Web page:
There are approximately 125 species of magnolia (Magnolia spp.). No magnolia is poisonous to dogs or cats. However, diligence is necessary when adding plants to your garden, as there are many trees and shrubs that can make Fluffy or Fido very ill. Seek medical care for your pet right away if you believe he has ingested any part of a poisonous plant.
Identifying Magnolia Trees
Magnolias are associated with the Southern United States, though there are some species and cultivars that are hardy enough to grow in Northern regions. Some magnolias grow in the form of trees, and others are large shrubs. Some are evergreen, while others may be deciduous, meaning they shed their leaves in the fall. Magnolia flowers vary in size and may be white, pink and in some cases, purple. The flowers are always showy and extremely fragrant.
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Popular species include southern magnolia (Magnolia grandiflora), a broadleaf evergreen variety, which is usually between 60 and 80 feet tall and has enormous white flowers with a diameter between 8 and 12 inches. The star magnolia (Magnolia stellata), on the other hand, is a shrub with a height between 15 and 20 feet. The bigleaf magnolia (Magnolia macrophylla) is prized for its foliage. As its common name implies, the leaves of the species can be up to 3 feet long.
Is Magnolia Poisonous to Dogs?
Magnolia trees are not considered toxic to dogs, cats or horses. However, there are other plants you want to avoid around pets, including the sago palm, which is a species of cycad. This plant contains chemicals that are toxic to the nervous system and can cause paralysis, seizures and even death. Even just two seeds of the sago palm are extremely poisonous to animals.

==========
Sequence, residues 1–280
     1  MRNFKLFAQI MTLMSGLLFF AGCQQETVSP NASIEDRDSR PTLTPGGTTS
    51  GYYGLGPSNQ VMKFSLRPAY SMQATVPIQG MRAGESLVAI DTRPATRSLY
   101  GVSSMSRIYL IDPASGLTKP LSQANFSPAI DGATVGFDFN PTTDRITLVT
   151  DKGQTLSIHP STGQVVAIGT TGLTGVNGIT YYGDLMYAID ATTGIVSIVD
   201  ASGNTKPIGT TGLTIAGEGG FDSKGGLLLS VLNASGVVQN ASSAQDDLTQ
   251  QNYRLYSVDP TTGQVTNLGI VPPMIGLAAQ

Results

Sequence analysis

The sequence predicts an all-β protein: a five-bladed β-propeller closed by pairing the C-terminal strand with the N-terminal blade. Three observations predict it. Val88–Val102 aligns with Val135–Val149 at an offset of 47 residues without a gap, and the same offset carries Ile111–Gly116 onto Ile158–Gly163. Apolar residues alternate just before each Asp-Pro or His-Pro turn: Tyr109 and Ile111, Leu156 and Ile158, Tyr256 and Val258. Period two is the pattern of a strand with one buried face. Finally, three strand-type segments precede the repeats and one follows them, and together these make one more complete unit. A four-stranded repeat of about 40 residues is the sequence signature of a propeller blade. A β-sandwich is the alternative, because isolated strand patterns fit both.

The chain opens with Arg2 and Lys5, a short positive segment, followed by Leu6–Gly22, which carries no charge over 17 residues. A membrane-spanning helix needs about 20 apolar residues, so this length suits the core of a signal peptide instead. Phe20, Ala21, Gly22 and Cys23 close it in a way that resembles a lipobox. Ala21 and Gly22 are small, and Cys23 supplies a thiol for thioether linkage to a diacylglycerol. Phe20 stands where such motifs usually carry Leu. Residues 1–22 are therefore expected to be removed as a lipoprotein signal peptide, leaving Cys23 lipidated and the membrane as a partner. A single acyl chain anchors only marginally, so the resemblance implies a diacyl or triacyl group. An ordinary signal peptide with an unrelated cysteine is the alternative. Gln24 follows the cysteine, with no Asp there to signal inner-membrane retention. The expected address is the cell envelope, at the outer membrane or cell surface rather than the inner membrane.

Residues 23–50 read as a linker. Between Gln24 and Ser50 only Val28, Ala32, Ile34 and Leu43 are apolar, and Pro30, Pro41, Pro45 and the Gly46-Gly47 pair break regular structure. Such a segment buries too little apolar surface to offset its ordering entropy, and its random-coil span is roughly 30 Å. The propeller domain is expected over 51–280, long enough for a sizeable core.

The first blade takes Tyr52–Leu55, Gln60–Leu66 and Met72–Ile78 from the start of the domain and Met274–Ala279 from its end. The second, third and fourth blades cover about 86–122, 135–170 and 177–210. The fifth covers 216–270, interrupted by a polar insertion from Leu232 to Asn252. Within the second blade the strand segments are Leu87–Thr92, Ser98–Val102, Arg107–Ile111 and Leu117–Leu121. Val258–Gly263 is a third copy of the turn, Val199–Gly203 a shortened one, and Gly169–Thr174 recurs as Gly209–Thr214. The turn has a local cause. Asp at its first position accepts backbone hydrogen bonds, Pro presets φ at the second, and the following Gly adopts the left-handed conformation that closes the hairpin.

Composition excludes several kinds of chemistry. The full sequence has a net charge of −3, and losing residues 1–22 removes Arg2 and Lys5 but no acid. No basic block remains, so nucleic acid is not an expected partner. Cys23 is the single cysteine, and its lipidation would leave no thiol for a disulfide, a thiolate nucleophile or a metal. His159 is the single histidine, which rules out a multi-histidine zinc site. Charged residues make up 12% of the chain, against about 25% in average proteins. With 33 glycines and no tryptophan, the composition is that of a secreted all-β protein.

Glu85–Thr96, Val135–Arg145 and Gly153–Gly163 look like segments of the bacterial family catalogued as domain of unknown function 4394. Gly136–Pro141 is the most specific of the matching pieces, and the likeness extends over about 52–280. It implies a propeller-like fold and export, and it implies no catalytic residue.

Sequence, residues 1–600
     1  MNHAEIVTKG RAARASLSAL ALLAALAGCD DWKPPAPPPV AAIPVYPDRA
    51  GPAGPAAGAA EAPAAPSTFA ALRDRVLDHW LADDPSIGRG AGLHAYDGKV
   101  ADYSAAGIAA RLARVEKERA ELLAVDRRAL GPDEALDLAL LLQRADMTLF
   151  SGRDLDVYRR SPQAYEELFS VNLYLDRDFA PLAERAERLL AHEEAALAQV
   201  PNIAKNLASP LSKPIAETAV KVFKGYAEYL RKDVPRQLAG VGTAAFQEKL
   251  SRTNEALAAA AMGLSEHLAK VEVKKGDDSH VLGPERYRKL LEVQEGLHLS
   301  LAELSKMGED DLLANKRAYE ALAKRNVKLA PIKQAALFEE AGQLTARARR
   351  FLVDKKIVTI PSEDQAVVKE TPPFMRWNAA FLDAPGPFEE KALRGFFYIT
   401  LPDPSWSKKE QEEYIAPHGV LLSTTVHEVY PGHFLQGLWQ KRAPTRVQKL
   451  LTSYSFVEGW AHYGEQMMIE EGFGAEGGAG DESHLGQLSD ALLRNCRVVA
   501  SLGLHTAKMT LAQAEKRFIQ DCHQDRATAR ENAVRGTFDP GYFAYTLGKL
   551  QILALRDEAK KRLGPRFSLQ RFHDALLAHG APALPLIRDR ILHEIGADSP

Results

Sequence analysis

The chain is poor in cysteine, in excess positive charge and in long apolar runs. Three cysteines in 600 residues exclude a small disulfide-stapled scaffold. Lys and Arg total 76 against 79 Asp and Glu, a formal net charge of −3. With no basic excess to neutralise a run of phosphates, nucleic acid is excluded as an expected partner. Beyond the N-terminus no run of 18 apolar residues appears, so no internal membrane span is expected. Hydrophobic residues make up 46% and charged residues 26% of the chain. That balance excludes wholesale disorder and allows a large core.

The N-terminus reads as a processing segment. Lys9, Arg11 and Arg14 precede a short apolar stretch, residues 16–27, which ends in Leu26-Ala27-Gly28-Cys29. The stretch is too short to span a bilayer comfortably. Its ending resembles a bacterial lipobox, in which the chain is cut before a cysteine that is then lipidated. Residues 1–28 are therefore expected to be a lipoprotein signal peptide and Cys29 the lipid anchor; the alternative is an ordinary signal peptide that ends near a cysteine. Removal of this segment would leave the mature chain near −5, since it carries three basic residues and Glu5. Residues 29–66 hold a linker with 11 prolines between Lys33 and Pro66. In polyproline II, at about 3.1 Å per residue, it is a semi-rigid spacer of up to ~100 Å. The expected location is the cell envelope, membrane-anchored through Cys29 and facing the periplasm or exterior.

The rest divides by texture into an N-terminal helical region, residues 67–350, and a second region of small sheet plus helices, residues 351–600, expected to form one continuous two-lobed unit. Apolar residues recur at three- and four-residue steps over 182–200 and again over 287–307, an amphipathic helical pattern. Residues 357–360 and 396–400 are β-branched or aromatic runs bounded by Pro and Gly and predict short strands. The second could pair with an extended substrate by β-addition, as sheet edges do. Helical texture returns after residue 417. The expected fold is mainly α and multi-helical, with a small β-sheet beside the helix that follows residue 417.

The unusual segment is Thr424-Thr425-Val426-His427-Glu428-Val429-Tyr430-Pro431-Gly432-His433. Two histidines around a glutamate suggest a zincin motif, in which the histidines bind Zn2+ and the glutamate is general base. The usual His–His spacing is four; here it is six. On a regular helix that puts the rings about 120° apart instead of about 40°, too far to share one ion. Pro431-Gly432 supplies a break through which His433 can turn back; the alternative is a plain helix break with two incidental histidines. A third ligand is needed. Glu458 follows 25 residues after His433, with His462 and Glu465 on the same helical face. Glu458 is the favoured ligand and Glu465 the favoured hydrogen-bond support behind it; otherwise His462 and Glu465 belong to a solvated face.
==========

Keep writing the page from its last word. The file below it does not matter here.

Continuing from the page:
Other plants you want to keep away from your pets at all costs are yews, including the Japanese yew and the English yew. These evergreen shrubs that produce red berries are poisonous not only to cats, dogs and horses but also to birds. Ingestion of any part of the plant can lead to death. Black walnut trees can also pose a danger to dogs but only if the pup consumes its moldy fruit.
Toxic Flowering Plants
Many common spring flowers that grow from bulbs are poisonous to dogs, including daffodils, tulips and hyacinth. In some cases, the bulb is more toxic than the leaves and stems. Meanwhile, the grayanotoxins found in rhododendrons and azaleas can cause gastrointestinal symptoms, like vomiting and diarrhea, and in severe cases, heart failure. If your puppy exhibits uncoordination and excessive salivation, she may have gotten into a chrysanthemum plant.
Then there is oleander. A popular choice for locations where the soil is dry and of poor quality, oleander has high levels of cardiac glycosides, which affect the heart of any pet that consumes it. Popular holiday plants, like amaryllis and mistletoe, are also toxic to pets. Keep them away from hydrangeas too.
Some plants are toxic to specific species of animals and not others. For example, while lilies are safe for dogs and horses, they cause kidney failure in cats within days.
- American Society for the Prevention of Cruelty to Animals: Magnolia Bush
- Clemson Cooperative Extension: Magnolia
- UC Davis: 10 Garden Plants That Are Toxic to Pets
- American Society for the Prevention of Cruelty to Animals: Azalea
- Missouri Botanical Garden: Magnolia grandiflora
- American Society for the Prevention of Cruelty to Animals: Lily
- Oklahoma State University: Yew and Your Animals
- American Society for the Prevention of Cruelty to Animals Pro: Oleander: Beautiful but Deadly to Pets
- University of Kentucky College of Agriculture, Food and Environment: Bigleaf Magnolia